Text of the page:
To me its not as black and white as slam count, if for example, if Zverev wins 4 slams in a far weaker era without fedalovic does that make him greater that Murray, no way. Context needs to be taken here in terms of strength of era they played in.
Agreed. Murray has 1 GS less than Courier by was RU 8 times and SF-ist 10 times (in Big3 era). Two OG, WTF title and bunch of Masters1000 cannot be neglected as well. His career is more impressive.
 

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Agreed. Murray has 1 GS less than Courier by was RU 8 times and SF-ist 10 times (in Big3 era). Two OG, WTF title and bunch of Masters1000 cannot be neglected as well. His career is more impressive.
Exactly, also the strength of his finals opponents, lost 6 HC finals against the 2 greatest players to play on the surface and lost a Wimbledon final to the greatest grass player.

Also as you mention his career outside the slams is very impressive, kinda a shame he wasn't 10 years younger, I think he would've cleaned up if he was the same as the next gen guys.
 

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Discussion Starter #14
Where is Emerson? (12 GS titles, a record before Sampras)
Where is Tilden? (10 GS titles, absolute legend of ancient times)
Where is Budge? (6 GS in a row (!), career interrupted by WWII)
Where is Perry? (8 GS titles)
You are correct Im not sure where id place them but these do belong up there
 

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Emerson has got to be there. He might be like the only good Aussie without an arena named after them or a medal (Newcombe Medal) or big competition (Laver Cup) but technically he has the most grand slams in mens. Yet in brisbane they name their arena Pat Rafter and not Emerson while Laver gets all the love only cause he has 1 NCYGS in the Open Era while no1 cares about the other if it's not in the Open Era. Rosewell also gets his own area but poor Emerson is still stuck with nothing. Even Newcombe has got his medal.
 

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First criteria: Minimum of 6 Slams.

Second criteria: Minimum of 3 Slams. # of Slams + 3 times other big title wins (Masters 1000s and Tour Finals) for the number that falls short of 6 slams. For instance, Murray won 3 slams. He needed to win at least 9 (3 X 3) titles (of Masters and Tour Finals) for falling short of the first criteria by 3 slams. (P.S. 2 times other big title wins for every missing slam seems too low).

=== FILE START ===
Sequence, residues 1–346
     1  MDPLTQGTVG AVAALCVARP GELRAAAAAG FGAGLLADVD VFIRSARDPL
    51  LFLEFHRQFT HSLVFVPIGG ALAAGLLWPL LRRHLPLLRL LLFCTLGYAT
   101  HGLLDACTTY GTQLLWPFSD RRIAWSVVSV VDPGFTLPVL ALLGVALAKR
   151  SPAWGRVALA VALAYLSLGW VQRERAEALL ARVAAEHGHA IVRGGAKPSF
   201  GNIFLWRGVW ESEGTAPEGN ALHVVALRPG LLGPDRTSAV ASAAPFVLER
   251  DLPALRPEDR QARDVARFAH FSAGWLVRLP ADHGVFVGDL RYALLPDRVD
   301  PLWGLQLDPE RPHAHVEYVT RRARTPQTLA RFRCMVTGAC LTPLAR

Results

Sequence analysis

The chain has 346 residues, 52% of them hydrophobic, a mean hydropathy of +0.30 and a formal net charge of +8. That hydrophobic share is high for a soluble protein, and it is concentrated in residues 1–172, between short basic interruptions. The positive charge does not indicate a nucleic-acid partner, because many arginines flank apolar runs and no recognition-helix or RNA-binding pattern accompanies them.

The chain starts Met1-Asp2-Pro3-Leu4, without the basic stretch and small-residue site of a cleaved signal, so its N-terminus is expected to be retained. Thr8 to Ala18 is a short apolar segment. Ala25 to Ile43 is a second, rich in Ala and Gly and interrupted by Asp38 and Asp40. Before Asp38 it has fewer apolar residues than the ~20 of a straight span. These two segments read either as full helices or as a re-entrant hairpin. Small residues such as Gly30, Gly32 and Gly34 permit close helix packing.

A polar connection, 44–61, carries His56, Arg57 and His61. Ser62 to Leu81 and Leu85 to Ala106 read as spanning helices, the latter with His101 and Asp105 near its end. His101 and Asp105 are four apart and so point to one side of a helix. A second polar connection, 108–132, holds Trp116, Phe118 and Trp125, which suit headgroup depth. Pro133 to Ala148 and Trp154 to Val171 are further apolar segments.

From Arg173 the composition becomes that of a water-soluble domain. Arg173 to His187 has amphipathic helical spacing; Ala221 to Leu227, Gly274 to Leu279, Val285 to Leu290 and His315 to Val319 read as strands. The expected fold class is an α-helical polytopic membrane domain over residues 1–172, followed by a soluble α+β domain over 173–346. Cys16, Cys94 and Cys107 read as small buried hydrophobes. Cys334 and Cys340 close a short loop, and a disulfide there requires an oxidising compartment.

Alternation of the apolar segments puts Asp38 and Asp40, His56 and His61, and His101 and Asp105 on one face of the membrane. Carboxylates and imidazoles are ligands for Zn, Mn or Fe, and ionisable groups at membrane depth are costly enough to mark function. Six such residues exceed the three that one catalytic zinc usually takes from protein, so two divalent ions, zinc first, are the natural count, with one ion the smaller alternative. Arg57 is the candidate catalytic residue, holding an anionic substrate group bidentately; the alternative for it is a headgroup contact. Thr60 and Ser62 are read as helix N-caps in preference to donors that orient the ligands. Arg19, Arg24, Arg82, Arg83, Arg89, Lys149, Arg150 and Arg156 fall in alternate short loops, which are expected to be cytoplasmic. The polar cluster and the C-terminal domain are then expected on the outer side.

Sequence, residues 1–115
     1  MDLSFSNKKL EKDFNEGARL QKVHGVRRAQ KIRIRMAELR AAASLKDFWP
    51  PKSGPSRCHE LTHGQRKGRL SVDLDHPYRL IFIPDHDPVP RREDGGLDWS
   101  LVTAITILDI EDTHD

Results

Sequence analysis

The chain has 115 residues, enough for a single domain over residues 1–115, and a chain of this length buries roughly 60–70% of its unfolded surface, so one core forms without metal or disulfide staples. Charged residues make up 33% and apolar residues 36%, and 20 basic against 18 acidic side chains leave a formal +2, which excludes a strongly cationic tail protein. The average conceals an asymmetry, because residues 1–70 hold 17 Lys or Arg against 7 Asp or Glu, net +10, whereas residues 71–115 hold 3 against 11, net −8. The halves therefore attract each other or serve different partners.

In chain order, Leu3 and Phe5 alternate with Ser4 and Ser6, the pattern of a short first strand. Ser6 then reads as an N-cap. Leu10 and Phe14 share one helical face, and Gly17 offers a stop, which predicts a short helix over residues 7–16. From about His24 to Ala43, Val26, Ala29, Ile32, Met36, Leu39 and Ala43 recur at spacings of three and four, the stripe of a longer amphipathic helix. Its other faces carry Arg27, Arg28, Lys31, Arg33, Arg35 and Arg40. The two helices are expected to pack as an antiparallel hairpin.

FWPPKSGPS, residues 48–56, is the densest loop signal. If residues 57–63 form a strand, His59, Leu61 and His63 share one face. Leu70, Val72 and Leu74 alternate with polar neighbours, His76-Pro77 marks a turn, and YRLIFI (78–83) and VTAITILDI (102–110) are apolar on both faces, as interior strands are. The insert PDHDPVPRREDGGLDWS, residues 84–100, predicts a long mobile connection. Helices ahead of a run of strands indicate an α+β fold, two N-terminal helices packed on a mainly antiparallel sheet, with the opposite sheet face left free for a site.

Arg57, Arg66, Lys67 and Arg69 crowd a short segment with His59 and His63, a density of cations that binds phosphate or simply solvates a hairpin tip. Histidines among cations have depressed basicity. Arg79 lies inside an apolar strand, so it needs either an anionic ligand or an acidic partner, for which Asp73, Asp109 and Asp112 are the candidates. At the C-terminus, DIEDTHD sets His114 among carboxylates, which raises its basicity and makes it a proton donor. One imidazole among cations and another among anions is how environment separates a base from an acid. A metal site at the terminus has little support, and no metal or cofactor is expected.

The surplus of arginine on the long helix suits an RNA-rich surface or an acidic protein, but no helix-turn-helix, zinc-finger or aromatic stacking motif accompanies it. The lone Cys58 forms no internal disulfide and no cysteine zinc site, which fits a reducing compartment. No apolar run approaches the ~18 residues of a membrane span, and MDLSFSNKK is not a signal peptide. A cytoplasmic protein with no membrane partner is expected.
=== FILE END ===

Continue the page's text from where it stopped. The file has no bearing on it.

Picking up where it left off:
Exceptions are players like Courier and Vilas, with 4 slams each. They both fall short of the second criteria, but they have passed the barrier of minimum of 3 slams as per the second criteria.

Hewitt is a great player, but All-Time Great? 2 slams are too low, and that will put him out of ATG contention, IMO. Hewitt is a Hall of Fame candidate though. Minimum of 3 slams. If you win less than 3 slams, you are out of ATG. A majority of prior greats in the OP that made it to the ATG list have won at least 6 slams, so, the "3 slam minimum" is a must. Sorry Lleyton.
 

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Second criteria: Minimum of 3 Slams. # of Slams + 3 times other big title wins (Masters 1000s and Tour Finals) for the number that falls short of 6 slams. For instance, Murray won 3 slams. He needed to win at least 9 (3 X 3) titles (of Masters and Tour Finals) for falling short of the first criteria by 3 slams. (P.S. 2 times other big title wins for every missing slam seems too low).
Murray was under unique pressure to win a Slam though, with his country hosting the most prestigious Slam but not having won it for decades. Then you have to consider the level of competition on each surface in various eras. So not all Slams are exactly equal I would say.
 

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Vilas should definitely be on your list as well. 4 slams, 8 slam finals, 12 slam semifinals, 62 titles, 949 match wins. 139 slam wins.